“Good. Great actually. I’m working in the automotive industry now and marketing an innovative car wash product – it enables you to wash and polish a car with a single litre of water. It’s ahead of its time and it’s doing very well. Listen, it’s chalk and cheese to what I was doing before and I’m doing things I never thought I could do. I’m meeting new people and seeing new places. It’s a completely different lifestyle. I’m doing an eight to five! I travel a lot, stay over in guest houses. My life is interesting and I’m really enjoying it.
“Among it all, I’m trying to establish a writing niche again, but I want to get away from racing and into a different market. I just need to open the grey matter to reach another audience. I believe I’ll get there. Publishing has changed. There are a lot of opportunities for writers these days. With self-publishers, there are writers all over the world and you can have a book done within a week if you want. It’s a different ballgame. I’m still having fun with the Mike de Kock website, we launched it back in 2004 and it keeps me in touch, but writing for a racing audience is quite formulaic. It’s either about a race or a person or a horse. I am more interested in learning to be creative, writing stories and developing characters. I believe that’s the future for me. It’s also good to get away from racing, look at it from a distance and see how it works. You can get so involved that it clouds your view and opinion.”
How did you get involved?
“I started out about age 4 or 5. We weren’t a horsey family, but my grandfather was a punter. Every day I’d sit on his lap and he’d show me how to work out a PA. He was an old PA shrewdie! He taught me. The first July I punted was Yataghan – he put some money on for me. From there I studied teaching, did a BA and got involved at Beeld, the Afrikaans newspaper, in 1988. That’s when I first met Mike de Kock. We heard Ricky Howard-Ginsberg had died and some young guy had taken over. I was sent to interview him. He invited me for a braai, we got drunk and had a jol and have been friends ever since. Only difference is he got rich and I got poor!”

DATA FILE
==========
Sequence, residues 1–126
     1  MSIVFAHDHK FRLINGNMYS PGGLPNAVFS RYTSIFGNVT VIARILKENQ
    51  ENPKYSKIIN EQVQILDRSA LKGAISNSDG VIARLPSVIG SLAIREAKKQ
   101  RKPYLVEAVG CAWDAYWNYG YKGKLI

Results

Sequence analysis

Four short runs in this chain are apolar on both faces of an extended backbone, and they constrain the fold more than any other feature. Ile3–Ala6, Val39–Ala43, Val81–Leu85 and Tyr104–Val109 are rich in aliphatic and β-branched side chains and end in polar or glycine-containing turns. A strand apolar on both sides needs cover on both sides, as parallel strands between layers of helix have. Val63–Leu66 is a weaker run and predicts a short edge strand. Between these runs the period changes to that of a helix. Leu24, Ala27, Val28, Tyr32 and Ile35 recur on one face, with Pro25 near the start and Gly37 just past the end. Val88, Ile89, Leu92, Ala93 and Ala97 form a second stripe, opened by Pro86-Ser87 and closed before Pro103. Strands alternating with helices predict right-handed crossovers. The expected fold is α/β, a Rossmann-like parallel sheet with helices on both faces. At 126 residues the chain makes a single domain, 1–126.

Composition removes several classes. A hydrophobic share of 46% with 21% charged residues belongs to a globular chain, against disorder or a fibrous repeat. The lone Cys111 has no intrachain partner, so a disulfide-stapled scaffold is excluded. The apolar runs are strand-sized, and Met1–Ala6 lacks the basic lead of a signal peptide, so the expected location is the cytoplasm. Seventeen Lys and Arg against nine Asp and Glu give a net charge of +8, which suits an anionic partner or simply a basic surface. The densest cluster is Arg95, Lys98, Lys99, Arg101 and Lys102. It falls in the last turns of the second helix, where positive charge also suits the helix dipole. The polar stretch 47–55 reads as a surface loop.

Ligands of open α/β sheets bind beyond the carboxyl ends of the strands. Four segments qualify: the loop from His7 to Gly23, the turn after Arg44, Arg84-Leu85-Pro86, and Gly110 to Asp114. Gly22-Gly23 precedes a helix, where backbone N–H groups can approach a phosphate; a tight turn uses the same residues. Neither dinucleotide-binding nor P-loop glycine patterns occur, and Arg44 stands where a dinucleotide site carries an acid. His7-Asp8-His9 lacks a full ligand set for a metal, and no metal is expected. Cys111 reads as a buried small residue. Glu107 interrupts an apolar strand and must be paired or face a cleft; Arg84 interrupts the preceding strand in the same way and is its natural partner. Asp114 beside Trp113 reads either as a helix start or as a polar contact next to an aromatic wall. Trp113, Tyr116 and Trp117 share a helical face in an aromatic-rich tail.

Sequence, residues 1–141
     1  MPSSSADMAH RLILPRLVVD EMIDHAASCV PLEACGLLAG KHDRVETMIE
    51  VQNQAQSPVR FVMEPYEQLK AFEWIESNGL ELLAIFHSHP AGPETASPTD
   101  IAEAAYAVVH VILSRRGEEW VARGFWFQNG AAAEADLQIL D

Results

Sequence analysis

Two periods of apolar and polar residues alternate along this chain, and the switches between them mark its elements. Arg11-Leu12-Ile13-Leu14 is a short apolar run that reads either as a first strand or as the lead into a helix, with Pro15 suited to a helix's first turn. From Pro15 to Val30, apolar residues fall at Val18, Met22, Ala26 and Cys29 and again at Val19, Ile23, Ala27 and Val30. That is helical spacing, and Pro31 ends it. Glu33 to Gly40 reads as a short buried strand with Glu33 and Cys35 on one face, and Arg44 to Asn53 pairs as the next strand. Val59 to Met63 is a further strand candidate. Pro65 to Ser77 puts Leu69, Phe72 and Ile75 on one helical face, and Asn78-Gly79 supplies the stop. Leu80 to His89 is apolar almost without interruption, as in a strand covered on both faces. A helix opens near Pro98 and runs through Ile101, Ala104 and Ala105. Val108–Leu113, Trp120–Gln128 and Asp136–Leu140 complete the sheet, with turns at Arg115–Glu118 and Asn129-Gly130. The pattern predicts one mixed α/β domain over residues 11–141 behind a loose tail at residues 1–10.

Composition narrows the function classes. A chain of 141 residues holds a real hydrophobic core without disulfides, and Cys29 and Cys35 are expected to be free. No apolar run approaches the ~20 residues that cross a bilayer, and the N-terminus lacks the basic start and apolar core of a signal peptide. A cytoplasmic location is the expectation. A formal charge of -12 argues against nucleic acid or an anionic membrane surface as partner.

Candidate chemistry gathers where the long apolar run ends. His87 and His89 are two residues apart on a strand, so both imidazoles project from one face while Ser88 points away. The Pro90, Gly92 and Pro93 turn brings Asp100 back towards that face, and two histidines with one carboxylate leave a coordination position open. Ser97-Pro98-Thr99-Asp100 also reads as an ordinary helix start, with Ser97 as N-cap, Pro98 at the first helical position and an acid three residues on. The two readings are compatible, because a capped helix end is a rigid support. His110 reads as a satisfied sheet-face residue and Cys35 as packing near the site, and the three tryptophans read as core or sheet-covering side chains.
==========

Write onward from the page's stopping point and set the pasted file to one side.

“After Beeld I worked on Racing Digest with Alec Hogg, then was involved with the Premium Rate race service in the Cape for the Cape Turf Club. It was a premium rate number that you could dial for all the race commentaries and results. Those were the days when David Carswell, Shaheen Shaw and Rouvaun Smit started out, we worked together. Telkom closed it down in about 1993 because of abuse – people weren’t paying, that sort of thing. Then I did Hustler magazine for about 8 years and Loslyf – the Afrikaans version. I got back into racing in about 1999/2000 with Mike de Kock and the Horse Chestnut book. After that I worked for Phumelela for a while. I launched the Racing Express in the Citizen and was the editor of Computaform for two or three years. I was quite happy there in fact. That’s when the international racing and all the on-line stuff started. Those were the days of Derek Wiid and Brian Mell. Then it was Jim Tenant and on to David Attenborough and Rian du Plessis.”
“I started Freeracer in about 2007. It went for two years before it was bought over by Moneyweb and became Racingweb. In hindsight it was probably a mistake. I was encouraged to speak out and expose things, but when the heat came onto both Alec Hogg and I, things turned messy. Alec was eventually also forced out of the company he’d built. At that moment, Racingweb was over and I suddenly found myself without a job and with all the doors closed. All the contracts with Phumelela, TBA, etc were cancelled in the blink of an eye. I lost a lot. I tried to revive Freeracer, but it was hard with no income.